European politics: More power to the people

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EUROPEAN POLITICS In the immediate aftermath of the financial crisis, ordinary taxpayers were ordered to pay trillions to rescue failing financial institutions. The European leaders that used tax payers money to bail out the banks, then, almost unanimously, argued for extreme cuts to public services. So, not only did taxpayers rescue the ailing financial institutions from bankruptcy, they suffered heavy cuts to their public services as a ‘thank you’. The banking institutions recovered promptly and began paying million euro bonuses to their top earners again – the public watched on helpless. These institutions took our money and didn’t bat an eyelid. Those less fortunate were, and still are, being punished for the decisions of the wealthy and powerful.

In stark contrast, in April 2016, European citizens watched as the Panama Papers were leaked, clearly confirming that there’s one rule for the rich and another for the poor. Given the numerous tax scandals revealed by whistleblowing or press leaks over the past decade – UBS, HSBC, SwissLeaks, LuxLeaks – the Panama Papers are just the latest indication that massive tax avoidance and evasion are a structural part of global capitalism. In 2013 the European Commission estimated that governments in the EU lose around €1 trillion each year to tax evasion and avoidance. The wealthiest individuals and corporations, it seems, have the choice of refusing to contribute tax while earning lucratively. Whereas, those at the lower end of the wealth divide have no choice but to pay for the very systems that disadvantage them – they would receive a lengthy jail sentence otherwise.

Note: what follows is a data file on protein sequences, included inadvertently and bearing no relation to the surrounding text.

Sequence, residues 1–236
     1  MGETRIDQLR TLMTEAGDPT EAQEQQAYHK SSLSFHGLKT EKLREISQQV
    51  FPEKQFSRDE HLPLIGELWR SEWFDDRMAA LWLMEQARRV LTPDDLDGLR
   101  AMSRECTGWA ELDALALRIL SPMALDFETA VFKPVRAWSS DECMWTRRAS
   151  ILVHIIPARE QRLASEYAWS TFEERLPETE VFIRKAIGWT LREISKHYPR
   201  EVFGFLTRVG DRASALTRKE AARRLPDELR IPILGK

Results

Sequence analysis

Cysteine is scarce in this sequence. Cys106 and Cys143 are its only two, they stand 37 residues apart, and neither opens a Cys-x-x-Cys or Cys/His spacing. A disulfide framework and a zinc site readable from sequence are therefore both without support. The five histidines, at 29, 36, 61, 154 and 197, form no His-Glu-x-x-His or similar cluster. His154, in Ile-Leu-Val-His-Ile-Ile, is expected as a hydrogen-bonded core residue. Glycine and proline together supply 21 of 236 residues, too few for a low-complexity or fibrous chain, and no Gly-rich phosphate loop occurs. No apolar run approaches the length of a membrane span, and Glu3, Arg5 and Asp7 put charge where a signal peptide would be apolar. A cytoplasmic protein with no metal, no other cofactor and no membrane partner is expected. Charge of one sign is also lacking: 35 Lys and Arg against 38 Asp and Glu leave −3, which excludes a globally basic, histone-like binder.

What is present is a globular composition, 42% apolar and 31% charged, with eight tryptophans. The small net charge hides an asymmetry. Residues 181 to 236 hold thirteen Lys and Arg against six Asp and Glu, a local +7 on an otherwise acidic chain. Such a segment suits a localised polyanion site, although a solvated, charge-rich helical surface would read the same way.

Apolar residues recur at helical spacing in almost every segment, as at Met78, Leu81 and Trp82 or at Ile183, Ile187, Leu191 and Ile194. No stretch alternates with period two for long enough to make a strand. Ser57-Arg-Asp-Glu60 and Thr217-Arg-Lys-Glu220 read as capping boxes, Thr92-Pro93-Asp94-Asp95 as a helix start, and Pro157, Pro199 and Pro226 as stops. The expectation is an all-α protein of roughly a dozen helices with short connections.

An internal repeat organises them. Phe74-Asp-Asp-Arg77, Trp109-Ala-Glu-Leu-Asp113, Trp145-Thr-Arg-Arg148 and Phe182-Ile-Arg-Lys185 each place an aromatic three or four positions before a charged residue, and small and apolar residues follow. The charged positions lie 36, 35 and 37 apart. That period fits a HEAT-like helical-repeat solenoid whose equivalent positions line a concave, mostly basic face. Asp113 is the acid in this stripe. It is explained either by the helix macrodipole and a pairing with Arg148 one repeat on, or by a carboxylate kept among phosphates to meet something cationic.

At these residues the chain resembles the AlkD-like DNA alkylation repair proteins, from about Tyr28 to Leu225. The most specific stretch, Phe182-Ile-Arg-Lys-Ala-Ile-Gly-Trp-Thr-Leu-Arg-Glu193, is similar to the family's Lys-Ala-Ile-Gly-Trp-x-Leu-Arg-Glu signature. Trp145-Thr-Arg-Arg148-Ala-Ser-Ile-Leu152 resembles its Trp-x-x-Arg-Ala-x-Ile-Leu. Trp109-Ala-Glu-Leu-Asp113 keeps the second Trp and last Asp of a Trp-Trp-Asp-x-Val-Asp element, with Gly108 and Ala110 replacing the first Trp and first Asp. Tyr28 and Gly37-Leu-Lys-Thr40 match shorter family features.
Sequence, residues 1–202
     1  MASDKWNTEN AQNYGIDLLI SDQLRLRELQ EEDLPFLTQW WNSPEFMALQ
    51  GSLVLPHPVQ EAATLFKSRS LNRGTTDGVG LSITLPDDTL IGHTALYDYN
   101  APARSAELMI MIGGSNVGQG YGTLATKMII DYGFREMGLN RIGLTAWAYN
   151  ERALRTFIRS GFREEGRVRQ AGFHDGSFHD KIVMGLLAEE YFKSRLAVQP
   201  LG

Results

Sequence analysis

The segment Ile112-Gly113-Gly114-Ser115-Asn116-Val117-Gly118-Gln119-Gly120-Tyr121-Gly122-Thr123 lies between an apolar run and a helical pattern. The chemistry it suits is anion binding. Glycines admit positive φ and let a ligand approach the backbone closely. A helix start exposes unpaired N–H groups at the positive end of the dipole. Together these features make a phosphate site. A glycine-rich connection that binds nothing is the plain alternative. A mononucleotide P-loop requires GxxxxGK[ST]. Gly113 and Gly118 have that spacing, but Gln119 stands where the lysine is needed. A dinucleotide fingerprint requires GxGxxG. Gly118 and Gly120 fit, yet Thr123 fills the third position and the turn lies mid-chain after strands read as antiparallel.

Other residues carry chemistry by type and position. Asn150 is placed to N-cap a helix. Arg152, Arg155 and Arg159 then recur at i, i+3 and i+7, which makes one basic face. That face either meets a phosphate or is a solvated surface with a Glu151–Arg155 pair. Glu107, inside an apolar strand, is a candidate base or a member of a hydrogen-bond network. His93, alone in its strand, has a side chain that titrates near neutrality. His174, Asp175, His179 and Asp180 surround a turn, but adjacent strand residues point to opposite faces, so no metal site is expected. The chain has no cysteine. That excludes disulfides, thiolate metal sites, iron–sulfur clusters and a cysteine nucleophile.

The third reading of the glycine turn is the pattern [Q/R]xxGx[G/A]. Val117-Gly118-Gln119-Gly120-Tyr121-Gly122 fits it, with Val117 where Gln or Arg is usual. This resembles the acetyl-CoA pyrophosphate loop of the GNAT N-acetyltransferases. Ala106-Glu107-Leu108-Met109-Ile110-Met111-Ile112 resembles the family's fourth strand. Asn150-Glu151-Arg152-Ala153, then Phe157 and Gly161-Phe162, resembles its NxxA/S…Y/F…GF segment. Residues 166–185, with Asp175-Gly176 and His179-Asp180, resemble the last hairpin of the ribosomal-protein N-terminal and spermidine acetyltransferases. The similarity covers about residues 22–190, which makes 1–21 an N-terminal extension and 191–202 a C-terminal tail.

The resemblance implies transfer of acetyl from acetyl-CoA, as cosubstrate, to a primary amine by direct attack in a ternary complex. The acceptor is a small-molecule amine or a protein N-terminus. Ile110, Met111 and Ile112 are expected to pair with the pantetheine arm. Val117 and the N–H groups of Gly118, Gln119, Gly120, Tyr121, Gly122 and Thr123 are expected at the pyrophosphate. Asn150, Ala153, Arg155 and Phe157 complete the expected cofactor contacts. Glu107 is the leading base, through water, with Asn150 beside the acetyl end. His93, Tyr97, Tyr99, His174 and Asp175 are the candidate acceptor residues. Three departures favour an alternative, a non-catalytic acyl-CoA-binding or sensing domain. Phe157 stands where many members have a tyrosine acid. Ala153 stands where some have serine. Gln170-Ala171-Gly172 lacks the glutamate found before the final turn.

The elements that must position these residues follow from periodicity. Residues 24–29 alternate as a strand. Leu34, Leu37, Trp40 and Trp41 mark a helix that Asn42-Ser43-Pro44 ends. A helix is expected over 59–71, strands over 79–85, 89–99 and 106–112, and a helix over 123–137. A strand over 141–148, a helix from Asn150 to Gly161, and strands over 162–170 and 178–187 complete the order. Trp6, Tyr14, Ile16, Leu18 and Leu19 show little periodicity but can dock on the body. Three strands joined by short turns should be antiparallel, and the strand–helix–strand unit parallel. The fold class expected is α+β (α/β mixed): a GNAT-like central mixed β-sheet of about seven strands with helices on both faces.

Barroso, is just one of a number of former commissioners who have made the public-private jump to lucrative contracts. Former trade commissioner Karel De Gucht joined the board of mining giant Arcelor Mittal and former digital agenda commissioner Neelie Kroes joined the boards of tech firms Uber and Salesforce. Is it any wonder that trust has broken down? Millions of people are adjusting to permanent economic insecurity and hold a genuine fear for the future. A backlash will continue to rise steadily if their concerns are ignored.

Lastly, our interventions in the Middle East and North Africa led to the death of millions of people, specifically in Afghanistan, Iraq, Libya and Syria. These interventions created a state of permanent war and destabilized the region. In Syria, the death count is rising. In 2009, Syrian leader Bashar al-Assad refused to sign a proposed agreement with Qatar that would run a pipeline through Saudi Arabia, Jordan, Syria and on to Turkey to supply European markets, crucially bypassing Russia. An Agence France-Presse report claimed Assad’s rationale was “to protect the interests of [his] Russian ally, which is Europe’s top supplier of natural gas”. Since that decision, the country has been brought to its knees. Our foreign policy is catastrophic and now hundreds of thousands of people are risking their lives to escape into Europe. When these desperate refugees arrive here they’re demonized as troublemakers, as outsiders, as beggars here to steal our dwindling public resources. It is insane.

People feel helpless. Helpless to stop our democratically elected government’s economic mismanagement. Helpless to stop our disastrous geopolitical decisions. The disconnect between citizens and government must be closed or we will have a huge problem. Power must find its way back to the people. The current political culture of doublespeak will not do. We need leaders who break the mould and offer different solutions to the status quo, or very soon we will see an increasingly divided Europe.

Photo Estonian far-right in Tallinn: DJ Sturm